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Massive financial bailout fails in the House

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posted on Sep, 29 2008 @ 04:05 PM
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reply to post by StellarX
 


How are the companies going to afford to pump that oil out of the ground in russia with no credit? They have to raise capital constantly. How is the companies in china going to buy all this product to build these consumer products without credit?




posted on Sep, 29 2008 @ 04:05 PM
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Perhaps the problem is that we REALLY don't know the truth about this whole thing. I also think it's in part of greed and instead of them paying the price we the tax payer has to.........that's wrong.

It's not a for sure $700 billion is going to be enough money. I heard it should be more like 2 TRILLION.

LIES....LIES....and more LIES.

[edit on 29-9-2008 by merky]



posted on Sep, 29 2008 @ 04:07 PM
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reply to post by Bunch
 


I'm not saying this bill would have changed the system or changed anything. It would have bought this broken system some time, which we need. We don't have enough time, as it stands, to save our economy and our country. We need time to change the system.

The credit market will freeze over completely first.

edit: typo

[edit on 29-9-2008 by grimreaper797]



posted on Sep, 29 2008 @ 04:08 PM
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reply to post by grimreaper797
 


They don't need credit, they have capital.



posted on Sep, 29 2008 @ 04:10 PM
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Originally posted by jam321
reply to post by carewemust
 


because some members of Congress had said it would. Gullible they are I guess.

In addition both parties had said they had reached an agreement and usually they don't call a vote unless they know it will pass.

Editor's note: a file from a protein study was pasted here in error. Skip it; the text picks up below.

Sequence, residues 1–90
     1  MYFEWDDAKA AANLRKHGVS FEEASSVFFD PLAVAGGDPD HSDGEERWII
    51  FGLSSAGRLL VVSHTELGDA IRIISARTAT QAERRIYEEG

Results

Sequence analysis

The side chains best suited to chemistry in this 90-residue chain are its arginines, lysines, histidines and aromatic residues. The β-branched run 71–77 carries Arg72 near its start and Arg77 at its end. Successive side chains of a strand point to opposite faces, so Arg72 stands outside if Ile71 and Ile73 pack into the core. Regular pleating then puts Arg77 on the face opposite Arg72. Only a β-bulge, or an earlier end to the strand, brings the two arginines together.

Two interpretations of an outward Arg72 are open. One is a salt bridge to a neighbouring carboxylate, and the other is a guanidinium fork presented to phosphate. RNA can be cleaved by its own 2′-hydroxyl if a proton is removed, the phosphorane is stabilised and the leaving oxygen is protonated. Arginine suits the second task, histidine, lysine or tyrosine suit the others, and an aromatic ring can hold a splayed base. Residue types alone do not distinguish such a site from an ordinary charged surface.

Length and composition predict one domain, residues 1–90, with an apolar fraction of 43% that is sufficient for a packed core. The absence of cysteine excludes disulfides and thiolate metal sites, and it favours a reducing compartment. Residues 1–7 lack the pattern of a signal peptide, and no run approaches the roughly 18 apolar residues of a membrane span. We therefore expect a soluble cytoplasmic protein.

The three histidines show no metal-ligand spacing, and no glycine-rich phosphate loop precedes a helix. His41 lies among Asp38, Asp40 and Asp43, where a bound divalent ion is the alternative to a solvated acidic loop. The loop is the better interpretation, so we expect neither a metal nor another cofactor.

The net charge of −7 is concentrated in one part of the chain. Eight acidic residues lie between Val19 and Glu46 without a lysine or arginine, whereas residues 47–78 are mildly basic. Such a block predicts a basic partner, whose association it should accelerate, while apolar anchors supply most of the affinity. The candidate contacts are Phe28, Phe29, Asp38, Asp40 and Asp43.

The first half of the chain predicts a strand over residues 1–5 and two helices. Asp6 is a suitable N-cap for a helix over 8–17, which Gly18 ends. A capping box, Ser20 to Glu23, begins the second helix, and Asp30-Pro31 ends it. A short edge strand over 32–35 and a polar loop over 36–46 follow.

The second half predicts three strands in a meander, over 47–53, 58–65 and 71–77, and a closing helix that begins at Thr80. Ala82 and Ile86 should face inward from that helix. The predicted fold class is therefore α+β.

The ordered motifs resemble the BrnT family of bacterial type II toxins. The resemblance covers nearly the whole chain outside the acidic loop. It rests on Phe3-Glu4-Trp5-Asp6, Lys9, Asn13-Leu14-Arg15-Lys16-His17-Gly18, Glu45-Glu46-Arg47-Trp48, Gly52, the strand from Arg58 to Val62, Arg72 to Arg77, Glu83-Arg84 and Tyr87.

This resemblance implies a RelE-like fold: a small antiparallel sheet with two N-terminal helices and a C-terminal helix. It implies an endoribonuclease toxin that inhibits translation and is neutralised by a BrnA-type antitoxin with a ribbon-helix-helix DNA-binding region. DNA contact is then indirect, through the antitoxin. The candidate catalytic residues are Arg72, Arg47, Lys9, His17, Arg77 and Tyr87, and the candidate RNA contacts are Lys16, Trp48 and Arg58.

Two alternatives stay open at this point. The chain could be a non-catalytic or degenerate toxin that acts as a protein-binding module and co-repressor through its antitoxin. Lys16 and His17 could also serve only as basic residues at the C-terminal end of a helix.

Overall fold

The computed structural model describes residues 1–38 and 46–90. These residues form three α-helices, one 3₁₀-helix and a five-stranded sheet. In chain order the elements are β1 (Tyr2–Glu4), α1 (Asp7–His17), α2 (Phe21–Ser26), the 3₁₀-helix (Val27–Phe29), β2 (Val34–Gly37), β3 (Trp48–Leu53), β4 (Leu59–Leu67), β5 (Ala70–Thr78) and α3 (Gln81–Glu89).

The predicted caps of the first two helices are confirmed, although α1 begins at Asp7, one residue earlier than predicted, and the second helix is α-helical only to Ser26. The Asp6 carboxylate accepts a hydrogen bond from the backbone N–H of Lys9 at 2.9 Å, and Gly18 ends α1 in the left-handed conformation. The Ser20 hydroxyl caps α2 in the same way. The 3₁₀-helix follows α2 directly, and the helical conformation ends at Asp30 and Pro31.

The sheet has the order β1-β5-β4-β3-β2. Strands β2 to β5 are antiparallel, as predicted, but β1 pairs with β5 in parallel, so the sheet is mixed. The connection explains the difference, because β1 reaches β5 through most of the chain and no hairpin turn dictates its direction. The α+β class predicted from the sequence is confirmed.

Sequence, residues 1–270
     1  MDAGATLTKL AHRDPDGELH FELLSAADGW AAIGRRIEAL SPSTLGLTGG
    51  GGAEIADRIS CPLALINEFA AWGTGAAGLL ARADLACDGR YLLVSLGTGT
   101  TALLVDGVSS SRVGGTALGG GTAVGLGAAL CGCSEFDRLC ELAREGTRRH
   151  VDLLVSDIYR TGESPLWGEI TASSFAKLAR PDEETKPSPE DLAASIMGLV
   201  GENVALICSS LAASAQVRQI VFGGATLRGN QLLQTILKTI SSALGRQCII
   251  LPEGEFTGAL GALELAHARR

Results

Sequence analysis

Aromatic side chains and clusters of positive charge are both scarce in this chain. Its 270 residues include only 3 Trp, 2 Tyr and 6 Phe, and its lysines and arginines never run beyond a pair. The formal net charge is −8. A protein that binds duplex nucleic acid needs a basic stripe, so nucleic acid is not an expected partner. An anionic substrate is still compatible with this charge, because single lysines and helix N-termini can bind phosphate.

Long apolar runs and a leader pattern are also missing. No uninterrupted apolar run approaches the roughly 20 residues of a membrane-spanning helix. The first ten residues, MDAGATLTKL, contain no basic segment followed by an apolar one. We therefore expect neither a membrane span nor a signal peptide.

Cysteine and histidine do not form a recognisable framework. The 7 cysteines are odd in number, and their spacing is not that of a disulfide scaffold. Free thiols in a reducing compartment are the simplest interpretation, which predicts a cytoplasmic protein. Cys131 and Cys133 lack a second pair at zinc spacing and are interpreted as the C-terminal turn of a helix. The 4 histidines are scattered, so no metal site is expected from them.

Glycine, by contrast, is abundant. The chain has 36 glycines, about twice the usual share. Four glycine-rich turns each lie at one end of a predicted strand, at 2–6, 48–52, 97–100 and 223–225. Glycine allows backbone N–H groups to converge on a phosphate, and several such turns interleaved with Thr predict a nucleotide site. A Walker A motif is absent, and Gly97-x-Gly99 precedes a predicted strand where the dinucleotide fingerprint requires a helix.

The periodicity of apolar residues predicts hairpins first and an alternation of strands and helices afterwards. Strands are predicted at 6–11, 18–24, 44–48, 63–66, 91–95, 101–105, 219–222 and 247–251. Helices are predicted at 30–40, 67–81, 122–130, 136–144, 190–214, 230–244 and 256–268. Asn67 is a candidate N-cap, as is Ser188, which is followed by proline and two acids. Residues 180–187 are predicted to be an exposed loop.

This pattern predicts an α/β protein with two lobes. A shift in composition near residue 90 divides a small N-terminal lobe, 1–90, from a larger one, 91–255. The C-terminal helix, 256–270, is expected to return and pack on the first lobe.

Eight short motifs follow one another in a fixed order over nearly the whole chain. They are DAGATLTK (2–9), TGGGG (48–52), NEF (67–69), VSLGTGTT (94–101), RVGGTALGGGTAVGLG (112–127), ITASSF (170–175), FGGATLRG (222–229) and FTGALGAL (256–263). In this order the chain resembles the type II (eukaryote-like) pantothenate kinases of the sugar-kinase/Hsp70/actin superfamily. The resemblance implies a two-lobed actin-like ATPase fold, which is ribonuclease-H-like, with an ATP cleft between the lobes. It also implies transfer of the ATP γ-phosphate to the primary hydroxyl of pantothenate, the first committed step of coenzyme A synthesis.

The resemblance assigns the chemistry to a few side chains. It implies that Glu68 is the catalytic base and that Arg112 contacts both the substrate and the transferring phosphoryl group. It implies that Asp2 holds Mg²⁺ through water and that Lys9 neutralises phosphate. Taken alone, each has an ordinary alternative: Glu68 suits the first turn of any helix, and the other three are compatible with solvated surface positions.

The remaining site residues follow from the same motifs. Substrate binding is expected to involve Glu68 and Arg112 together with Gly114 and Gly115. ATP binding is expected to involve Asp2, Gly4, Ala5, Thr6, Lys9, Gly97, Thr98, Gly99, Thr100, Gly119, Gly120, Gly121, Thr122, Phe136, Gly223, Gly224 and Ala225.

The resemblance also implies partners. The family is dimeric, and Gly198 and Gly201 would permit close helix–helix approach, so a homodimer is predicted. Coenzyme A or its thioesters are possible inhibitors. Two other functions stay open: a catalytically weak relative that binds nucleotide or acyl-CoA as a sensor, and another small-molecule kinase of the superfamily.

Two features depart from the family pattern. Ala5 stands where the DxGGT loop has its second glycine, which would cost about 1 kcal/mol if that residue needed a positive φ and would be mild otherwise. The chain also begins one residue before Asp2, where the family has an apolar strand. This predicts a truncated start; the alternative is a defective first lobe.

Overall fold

I guess that remark by Speaker Pelosi (blaming Bush and Repubs for
the financial crises) just before the vote really did make enough
Republicans angry enough to change their YES to a NO. Well, I'm sure
she didn't intend for her diarrhea of the mouth to get this rescue package
shot down today, but this is one time when her loose lips was good for
the country.

So...when is everything supposed to come crashing down and life
as we enjoy it coming to an end? After all, the Treasury guy Paulson
said last Wednesday that catastrophe was imminent!



posted on Sep, 29 2008 @ 04:10 PM
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reply to post by DeadFlagBlues
 


Really, do they have it readily avalible? I doubt it. Not for any length of time.



posted on Sep, 29 2008 @ 04:13 PM
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reply to post by carewemust
 


Well if you work for a large company that generally needs to borrow in between large projects to meet payroll then you may be kicked on the street with the bums.



posted on Sep, 29 2008 @ 04:13 PM
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This is the twilight zone! House republicans led the charge against this bill. Wow, Bush must really be feeling like a loser, as his own party has abandoned support for him on such a critical issue.

I guess we need banks for our economy, but we don't need those banks.



posted on Sep, 29 2008 @ 04:14 PM
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Originally posted by grimreaper797
reply to post by Bunch
 


I'm not saying this bill would have changed the system or changed anything. It would have bought this broken system some time, which we need. We don't have enough time, as it stands, to save our economy and our country. We need time to change the system.

The credit market will freeze over completely first.

edit: typo

[edit on 29-9-2008 by grimreaper797]


And I think the credit market is going to freeze regardless because institutions and investor are in a state of panic. The have forgotten what good bussiness practices are.

The underlying issue is TRUST.

You need to trust in order to lend, now these bussinesses don't trust each other and thats not going to change reagrdless how many billions are been pumped to the markets. The Treasury just pump more credit I think 600 billion, there is no takers!

Is a trust issue between bussinesses, between bussinesses and the government and they markets are going back to basics which is a good thing, even if it take us in a pretty rough ride for some time.



posted on Sep, 29 2008 @ 04:16 PM